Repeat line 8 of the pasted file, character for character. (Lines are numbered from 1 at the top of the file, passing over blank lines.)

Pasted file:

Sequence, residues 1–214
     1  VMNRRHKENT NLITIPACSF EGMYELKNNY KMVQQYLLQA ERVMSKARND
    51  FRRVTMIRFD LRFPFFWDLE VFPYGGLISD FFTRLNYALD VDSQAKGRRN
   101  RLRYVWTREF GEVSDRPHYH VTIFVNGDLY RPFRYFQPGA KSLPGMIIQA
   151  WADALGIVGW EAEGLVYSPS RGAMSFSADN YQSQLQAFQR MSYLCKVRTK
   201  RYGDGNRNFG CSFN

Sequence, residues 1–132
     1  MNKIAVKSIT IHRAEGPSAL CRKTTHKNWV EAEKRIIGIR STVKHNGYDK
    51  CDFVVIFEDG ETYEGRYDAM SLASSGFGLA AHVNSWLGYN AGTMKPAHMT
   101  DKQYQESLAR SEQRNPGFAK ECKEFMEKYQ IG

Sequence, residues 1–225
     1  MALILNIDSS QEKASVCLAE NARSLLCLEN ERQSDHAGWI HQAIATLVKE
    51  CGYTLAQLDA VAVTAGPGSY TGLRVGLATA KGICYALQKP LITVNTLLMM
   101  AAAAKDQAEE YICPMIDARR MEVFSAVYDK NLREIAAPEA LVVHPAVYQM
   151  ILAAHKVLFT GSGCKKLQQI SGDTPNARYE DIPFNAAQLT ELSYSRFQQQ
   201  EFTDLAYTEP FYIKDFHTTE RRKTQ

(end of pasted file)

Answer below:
     1  MNKIAVKSIT IHRAEGPSAL CRKTTHKNWV EAEKRIIGIR STVKHNGYDK